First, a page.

Alex Rizzuti, lead engineer for Dimensional/Gage Department, explains, "The path to our ‘self-serve’ metrology program started with a survey sent out to engineering and manufacturing teams. They came back and said your inspection systems are great, but we need to go farther. We want the ability to bring inspection equipment to the part, plus we would like to speed up the process of time-to-market. In a group discussion, we floated the idea of this self-serve system. It was an idea that would work with the right piece of equipment, and the majority of our team got on the band wagon."

Self-serve metrology
The "self-serve" solution ESCO settled upon is ROMER Inc.’s ScanShark V5 laser scanning system, comprised of a seven-axis INFINITE 2.0 portable CMM, a ScanShark laser scanning probe, PolyWorks software and a computer. The combination of articulating arm measurement with laser scanning enables maximum surface inspection of any large workpiece. The non-contact laser scanner acquires more than 458,000 points per second for detailed inspection of both geometric and surface features in a fraction of the time of probes with lesser capabilities. The 9-ft (2.8-m) ROMER INFINITE seven-axis scanning arm has a hemispherical measuring envelope of 18 ft, and operates like a human arm. Its Zero-G counterbalance offsets the weight of the carbon-fiber arm and scanner for one-handed operation from any position in the arm's reach, above and below the midline. The arm's patented infinite rotation of the principal axes enables ESCO users to inspect hard-to-reach areas on their parts. The configuration also allows for point-data acquisition with contact probes when needed, without having to swap the laser scanner for a contact probe.

"Speed-to-market is one of our biggest ‘pushes’," Rizzuti reveals. "We cannot take five or six years to design a product. Giving the engineers a tool that would allow them to spot check their products immediately appealed to the group. Every one of our engineered products has a dedicated engineer and group. All quality work funnels through the Dimensional/Gage Department, and we program all CMMs for our facilities worldwide. For continuous improvement and shortening time-to-market, work simply cannot sit around in the queue. So the self-serve model without the programming upfront is key to our effort. An engineer needing to verify a part can book the scanner when they need it, and acquire their data in a day."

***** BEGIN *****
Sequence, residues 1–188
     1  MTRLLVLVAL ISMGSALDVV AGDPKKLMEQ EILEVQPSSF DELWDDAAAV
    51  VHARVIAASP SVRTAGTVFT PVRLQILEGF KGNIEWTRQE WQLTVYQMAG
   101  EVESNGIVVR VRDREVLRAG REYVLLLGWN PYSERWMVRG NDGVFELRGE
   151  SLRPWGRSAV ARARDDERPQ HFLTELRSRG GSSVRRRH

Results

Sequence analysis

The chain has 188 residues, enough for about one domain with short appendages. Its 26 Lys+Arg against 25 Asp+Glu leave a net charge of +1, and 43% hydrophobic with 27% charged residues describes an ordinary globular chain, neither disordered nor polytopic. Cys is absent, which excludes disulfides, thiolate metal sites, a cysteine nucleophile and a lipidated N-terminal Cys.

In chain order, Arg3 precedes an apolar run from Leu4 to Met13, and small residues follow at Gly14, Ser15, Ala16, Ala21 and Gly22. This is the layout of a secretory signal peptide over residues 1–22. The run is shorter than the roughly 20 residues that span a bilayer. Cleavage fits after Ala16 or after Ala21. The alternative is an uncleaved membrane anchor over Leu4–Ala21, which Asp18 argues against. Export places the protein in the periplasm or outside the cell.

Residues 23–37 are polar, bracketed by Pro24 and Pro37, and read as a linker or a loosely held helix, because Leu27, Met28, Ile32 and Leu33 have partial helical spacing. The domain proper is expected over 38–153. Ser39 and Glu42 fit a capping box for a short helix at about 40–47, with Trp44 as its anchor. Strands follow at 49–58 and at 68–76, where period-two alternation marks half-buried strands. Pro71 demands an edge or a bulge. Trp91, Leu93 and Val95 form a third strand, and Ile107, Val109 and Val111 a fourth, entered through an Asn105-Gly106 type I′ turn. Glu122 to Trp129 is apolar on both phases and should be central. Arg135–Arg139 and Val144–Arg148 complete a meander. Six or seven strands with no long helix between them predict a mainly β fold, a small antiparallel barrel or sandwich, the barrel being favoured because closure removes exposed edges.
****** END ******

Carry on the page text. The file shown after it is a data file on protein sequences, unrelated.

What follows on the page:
Short learning curve
ESCO's Dimensional/Gage Department is comprised of seven engineers and two technicians designated with the responsibility of ensuring ESCO fit products meet dimensional specifications. This group supports the nearly 40 product design engineers and 5 plant employees coming on board to learn the new metrology system. Today, 15 engineers are master users of the product.

"The ROMER/PolyWorks solution met our classification of a self-serve system based on the fact that with a small amount of training, any engineer or manufacturing person can check out the device when they need it," Finley explains. "We spend about a full day of training stretched out over a period of 3 -4 weeks to learn how to use the system and the software's post processing tools and analysis features. We can teach an engineer with a rudimentary understanding of dimensions, tolerancing, and datum, and a general knowledge of how a part must behave … a complete novice to metrology … and have them fully trained in a month's time. The ROMER ScanShark and the PolyWorks software have been very adaptable to our in-house standards and procedures. With this model, we can get an inspection in 24 hours, taking a fraction of the time to scan our parts, without upfront programming and practically no setup time.

"The range of the scanner arm gives us the ability to capture complex angles and work around fixturing, which eliminates multiple setups. The arm's elbows and wrists make it is easy for us to setup a part and move all the way around it. The PolyWorks software enables us to post process point cloud data, stitch surfaces, align data, and do a complete inspection of a part using the basic analysis tools in the software, including color mapping to tolerances showing what is in spec or out of spec," Finley concludes.

Rizzuti says that most of the off-the-shelf features of the PolyWorks software worked well for their applications. "The best part of the software is that we can customize the desktop for our engineers. Removing tools from the menu that we are not using helps us streamline the self-serve model. We give our engineers exactly what they need for the job at hand, so there is no veering off the path."

It is clear that ESCO's in-house metrology methodologies keep a razor sharp edge on its competitiveness.

Latest from Shop Operations